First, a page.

One of the numerous benefits from eating “Paleo” or switching to a contemporary Paleo Diet if you eat in the standard American way is that you and your spouse/partner/ will greatly improve your chances for successful conception, pregnancy and a healthy baby. Here’s the information you may want to become acquainted with, particularly if you have avoided meats and fish and have previously focused upon whole grain cereals, legumes and processed foods in your diet.
If you fail to regularly eat animal foods (eggs, meat, fish and seafood) you will become deficient in vitamin B12 because plant food sources contain no B12. Further plant foods do not contain the specific types of vitamin B6 which are readily absorbable in the human gut. Accordingly, diets devoid of or lacking in animal proteins, will invariably be deficient in vitamin B12 and vitamin B6. Deficiencies or insufficiencies in these vitamins ultimately increase the level of homocysteine in our blood.
Elevated blood concentrations of homocysteine result primarily from too little vitamin B12. B6 and folate in our diets. When adequate stores of these B vitamins are present from nutritious foods in our diet (e.g. meats, fresh fruits and veggies), then our cells can defuse the poisonous effects of homocysteine and convert it into less toxic compounds. However, when B12 is lacking or deficient, as it almost always is in vegetarian and vegan diets, then homocysteine builds up in our bloodstream and literally infiltrates nearly every cell in our bodies.
Healthy egg cells in women and healthy sperm cells in men are absolutely essential requirements for getting pregnant, staying pregnant and producing normal embryos, vigorous infants and healthy children. Vitamin B12 deficiencies can elevate blood levels of homocysteine and cause numerous adverse health problems in pregnant women, their unborn fetuses and nursing infants. In addition to these unfavorable effects, a diet deficient or marginal in vitamins B12, B6 and folate can severely reduce your chances for successful fertilization and conception.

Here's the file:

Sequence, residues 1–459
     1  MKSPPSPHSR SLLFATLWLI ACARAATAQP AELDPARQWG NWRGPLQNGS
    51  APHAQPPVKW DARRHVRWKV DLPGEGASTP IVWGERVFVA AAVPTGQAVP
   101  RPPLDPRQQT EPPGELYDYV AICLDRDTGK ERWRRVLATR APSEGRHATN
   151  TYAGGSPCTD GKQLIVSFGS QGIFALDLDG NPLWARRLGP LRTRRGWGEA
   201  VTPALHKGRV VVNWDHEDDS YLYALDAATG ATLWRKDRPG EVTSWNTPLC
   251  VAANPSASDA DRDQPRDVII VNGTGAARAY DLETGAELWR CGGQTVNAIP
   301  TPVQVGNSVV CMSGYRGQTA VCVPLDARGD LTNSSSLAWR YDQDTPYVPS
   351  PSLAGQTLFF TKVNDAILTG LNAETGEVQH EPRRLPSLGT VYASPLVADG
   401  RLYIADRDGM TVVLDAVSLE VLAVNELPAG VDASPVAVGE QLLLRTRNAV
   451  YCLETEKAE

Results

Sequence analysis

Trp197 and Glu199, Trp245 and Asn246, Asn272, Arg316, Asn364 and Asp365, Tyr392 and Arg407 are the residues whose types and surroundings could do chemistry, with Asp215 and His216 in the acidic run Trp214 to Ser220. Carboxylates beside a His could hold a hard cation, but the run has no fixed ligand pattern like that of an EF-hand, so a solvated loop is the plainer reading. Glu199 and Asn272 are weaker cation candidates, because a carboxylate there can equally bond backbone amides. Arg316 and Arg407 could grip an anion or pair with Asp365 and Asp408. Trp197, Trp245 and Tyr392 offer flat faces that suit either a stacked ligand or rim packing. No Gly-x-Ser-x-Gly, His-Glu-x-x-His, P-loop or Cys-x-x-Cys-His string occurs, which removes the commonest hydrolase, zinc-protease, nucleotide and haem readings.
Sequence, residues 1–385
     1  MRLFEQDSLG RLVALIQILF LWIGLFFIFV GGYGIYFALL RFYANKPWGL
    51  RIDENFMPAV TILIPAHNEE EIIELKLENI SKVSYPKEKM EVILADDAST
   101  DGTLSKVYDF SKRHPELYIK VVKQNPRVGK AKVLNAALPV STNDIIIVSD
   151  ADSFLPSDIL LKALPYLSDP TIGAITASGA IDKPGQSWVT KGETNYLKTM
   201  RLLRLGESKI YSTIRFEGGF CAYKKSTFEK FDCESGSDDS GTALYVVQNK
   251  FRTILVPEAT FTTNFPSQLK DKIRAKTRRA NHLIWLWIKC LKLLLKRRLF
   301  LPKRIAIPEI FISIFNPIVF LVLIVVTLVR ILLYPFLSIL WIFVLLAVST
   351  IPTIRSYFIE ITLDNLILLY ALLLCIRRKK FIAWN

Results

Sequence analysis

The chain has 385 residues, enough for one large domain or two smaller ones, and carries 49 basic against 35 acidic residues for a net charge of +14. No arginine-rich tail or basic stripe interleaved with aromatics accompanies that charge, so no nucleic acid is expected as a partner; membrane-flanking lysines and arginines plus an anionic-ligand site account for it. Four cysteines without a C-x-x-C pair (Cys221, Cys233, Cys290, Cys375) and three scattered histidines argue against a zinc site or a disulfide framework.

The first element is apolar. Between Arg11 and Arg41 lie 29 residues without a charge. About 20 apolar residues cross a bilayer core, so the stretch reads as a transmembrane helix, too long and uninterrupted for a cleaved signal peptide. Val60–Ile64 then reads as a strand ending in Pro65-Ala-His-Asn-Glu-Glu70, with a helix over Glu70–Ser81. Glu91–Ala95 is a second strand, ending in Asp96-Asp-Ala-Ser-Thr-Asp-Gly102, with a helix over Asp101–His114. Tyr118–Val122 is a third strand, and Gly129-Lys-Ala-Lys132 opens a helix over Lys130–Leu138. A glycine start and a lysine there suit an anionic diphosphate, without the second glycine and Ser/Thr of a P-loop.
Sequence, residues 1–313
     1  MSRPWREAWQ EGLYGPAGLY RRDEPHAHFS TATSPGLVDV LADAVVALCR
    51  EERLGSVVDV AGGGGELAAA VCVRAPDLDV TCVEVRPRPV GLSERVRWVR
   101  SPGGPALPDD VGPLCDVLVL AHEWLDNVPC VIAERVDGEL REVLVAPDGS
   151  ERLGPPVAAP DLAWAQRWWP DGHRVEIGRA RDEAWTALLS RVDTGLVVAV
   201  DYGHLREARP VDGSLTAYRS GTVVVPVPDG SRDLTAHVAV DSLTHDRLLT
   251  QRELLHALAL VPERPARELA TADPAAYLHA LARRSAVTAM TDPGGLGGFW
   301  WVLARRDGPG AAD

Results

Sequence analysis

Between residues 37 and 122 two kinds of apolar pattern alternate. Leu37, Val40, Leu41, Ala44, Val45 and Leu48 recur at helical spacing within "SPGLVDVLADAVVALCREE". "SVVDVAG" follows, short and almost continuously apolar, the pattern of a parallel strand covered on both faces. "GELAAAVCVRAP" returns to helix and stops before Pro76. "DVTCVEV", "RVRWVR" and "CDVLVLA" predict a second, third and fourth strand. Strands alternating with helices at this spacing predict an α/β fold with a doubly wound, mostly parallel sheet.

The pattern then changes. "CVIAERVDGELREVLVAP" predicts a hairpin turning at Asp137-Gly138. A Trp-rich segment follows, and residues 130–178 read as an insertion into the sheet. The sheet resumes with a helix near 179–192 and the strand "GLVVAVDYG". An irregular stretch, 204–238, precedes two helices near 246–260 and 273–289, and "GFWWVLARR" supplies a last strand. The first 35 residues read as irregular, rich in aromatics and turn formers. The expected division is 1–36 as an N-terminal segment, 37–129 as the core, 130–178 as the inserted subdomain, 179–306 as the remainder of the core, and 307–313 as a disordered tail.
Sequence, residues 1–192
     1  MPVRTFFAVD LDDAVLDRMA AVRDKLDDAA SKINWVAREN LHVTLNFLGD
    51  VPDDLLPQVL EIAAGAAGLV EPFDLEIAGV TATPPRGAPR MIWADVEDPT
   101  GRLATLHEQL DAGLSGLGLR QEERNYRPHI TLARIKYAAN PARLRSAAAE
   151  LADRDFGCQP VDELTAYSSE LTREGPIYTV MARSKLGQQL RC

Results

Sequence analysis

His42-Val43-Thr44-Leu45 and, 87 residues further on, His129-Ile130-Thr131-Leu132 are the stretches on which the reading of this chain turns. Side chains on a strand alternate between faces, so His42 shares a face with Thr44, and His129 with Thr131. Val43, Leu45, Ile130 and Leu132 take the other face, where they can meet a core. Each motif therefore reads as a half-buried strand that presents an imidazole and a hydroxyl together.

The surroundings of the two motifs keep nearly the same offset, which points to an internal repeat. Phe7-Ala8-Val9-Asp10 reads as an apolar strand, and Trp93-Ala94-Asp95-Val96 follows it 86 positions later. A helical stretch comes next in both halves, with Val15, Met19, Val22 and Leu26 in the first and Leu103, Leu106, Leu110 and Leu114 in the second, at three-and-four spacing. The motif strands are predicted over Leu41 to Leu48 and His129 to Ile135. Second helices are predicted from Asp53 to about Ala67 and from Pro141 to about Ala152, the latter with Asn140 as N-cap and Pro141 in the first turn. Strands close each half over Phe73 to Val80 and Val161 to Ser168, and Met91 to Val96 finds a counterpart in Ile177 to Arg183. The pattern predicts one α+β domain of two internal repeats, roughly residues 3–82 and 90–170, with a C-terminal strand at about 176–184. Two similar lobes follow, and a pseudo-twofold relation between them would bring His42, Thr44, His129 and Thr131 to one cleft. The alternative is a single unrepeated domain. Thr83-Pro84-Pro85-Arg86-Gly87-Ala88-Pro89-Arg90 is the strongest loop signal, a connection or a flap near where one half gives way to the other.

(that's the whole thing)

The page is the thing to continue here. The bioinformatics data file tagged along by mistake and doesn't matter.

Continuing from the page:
Infertility is a huge problem in both the U.S. and Europe and affects at least 6 million people in the U.S. or more importantly about 7.4 % of the reproductive age population. Many environmental and genetic factors may be involved. However, one thing is certain, as a couple, if you or your partner’s blood levels of vitamin B12, B6 and/or folate are low and your homocysteine is elevated, your chances for normal conception will be significantly reduced.
It is becoming increasingly evident that the low vitamin B12, B6 and folate status responsible for elevated homocysteine is toxic to both sperm and egg cells and may represent a major, previously un-recognized risk factor for infertility. More than 30 years ago, at least one group of researchers pointed out that Indian vegetarian men maintained lower vitamin B12 concentrations in their sperm than non-vegetarians and attributed these values to their vegetarian diet. Additionally, a number of these earlier studies hinted that vitamin B12 supplementation could improve sperm function and vigor and even boost male fertility.
If we fast forward to the 21st century, in the past five years similar nutritional patterns have been discovered in western populations. In a recent (2009) study of 172 men and 223 women who were unable to conceive, 36 % of men and 23 % of women had vitamin B12 deficiencies. Almost 40 % of the infertile men had abnormal semen that was directly related to their vitamin B12 deficiencies. Other recent studies in men show that low dietary folate and vitamin B12 are associated with high blood concentrations of homocysteine that likely underlie abnormal sperm function. On the flip side of the equation, women with compromised dietary B12 and folate intakes frequently have elevated blood levels of homocysteine which prevent them from becoming pregnant. We are not completely sure how these blood chemistry changes impede successful pregnancies in women, but tissue studies suggest that egg cells infiltrated by homocysteine and deficient in vitamin B12 and folate make them fragile and unable to continue with a normal pregnancy once fertilized.
Menstrual Problems caused by Vegetarian and Low Meat Diets
In addition to B vitamin deficiencies and elevated blood concentrations of homocysteine, vegetarian/low meat diets are frequently associated with menstrual problems known to affect fertility. A total of five studies have compared the incidence of menstrual irregularities between vegetarians and meat eaters. Four out of these five studies demonstrated significantly higher rates of menstrual complications in vegetarians. Let’s take a look at the only randomized controlled trial investigating vegetarian diets on menstrual health.
Dr. Pirke and researchers at the University of Trier in Germany randomly divided 18 young women with normal menstrual periods into either vegetarian or non-vegetarian diet groups. After six weeks, 7 of the 9 women assigned to the vegetarian diet stopped ovulating, whereas only a single woman in the meat eating group experienced this problem. The results of this experiment are shocking – within only six weeks of consuming a vegetarian diet, 78% of healthy, normally cycling women ceased ovulating. The take home message is this: if you are trying to get pregnant, one of your best strategies is to avoid vegetarian diets. While you’re at it, make sure your husband or partner does the same.